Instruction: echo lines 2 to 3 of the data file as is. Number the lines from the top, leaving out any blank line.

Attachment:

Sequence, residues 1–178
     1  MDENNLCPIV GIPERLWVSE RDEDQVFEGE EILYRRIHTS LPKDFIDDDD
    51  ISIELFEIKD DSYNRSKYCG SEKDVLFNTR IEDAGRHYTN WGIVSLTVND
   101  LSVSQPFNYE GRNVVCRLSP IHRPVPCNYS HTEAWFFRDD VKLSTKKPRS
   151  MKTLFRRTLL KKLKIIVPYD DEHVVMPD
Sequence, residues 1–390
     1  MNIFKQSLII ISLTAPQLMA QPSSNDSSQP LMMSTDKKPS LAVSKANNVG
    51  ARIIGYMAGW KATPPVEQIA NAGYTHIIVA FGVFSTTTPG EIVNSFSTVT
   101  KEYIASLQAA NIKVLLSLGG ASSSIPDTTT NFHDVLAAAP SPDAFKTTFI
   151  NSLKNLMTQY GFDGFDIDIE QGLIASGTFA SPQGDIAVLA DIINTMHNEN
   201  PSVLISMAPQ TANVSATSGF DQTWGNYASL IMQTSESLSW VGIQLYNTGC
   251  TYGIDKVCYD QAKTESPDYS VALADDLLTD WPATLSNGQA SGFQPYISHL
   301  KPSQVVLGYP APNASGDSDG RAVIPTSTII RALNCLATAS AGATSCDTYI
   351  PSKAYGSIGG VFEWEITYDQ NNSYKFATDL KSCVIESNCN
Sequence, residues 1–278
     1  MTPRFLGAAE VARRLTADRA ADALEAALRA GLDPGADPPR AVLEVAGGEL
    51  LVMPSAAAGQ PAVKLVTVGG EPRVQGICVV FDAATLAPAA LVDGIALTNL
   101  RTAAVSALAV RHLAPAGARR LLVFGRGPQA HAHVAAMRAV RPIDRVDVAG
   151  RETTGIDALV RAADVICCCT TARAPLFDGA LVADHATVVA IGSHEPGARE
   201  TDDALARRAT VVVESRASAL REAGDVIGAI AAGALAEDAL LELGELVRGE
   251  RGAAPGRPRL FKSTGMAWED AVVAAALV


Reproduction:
     1  MDENNLCPIV GIPERLWVSE RDEDQVFEGE EILYRRIHTS LPKDFIDDDD
    51  ISIELFEIKD DSYNRSKYCG SEKDVLFNTR IEDAGRHYTN WGIVSLTVND